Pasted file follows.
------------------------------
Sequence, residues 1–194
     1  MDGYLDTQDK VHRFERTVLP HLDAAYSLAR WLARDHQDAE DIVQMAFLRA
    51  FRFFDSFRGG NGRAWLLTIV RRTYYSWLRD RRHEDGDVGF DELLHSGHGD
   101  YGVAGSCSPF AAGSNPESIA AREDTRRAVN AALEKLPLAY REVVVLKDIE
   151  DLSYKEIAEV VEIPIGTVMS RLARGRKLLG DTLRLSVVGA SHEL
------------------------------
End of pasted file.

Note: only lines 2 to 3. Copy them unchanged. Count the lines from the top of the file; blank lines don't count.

     1  MDGYLDTQDK VHRFERTVLP HLDAAYSLAR WLARDHQDAE DIVQMAFLRA
    51  FRFFDSFRGG NGRAWLLTIV RRTYYSWLRD RRHEDGDVGF DELLHSGHGD